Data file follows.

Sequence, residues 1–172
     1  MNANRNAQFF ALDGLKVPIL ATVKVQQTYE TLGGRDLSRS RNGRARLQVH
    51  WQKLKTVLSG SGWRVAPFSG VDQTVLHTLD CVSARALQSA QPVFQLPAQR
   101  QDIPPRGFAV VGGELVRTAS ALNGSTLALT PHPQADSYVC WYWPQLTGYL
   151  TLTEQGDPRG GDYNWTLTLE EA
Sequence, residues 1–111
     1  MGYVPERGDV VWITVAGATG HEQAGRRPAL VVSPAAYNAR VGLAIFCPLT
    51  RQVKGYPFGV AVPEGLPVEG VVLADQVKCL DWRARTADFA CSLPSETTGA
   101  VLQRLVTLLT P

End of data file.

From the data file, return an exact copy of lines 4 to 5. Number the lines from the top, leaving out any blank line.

   101  QDIPPRGFAV VGGELVRTAS ALNGSTLALT PHPQADSYVC WYWPQLTGYL
   151  TLTEQGDPRG GDYNWTLTLE EA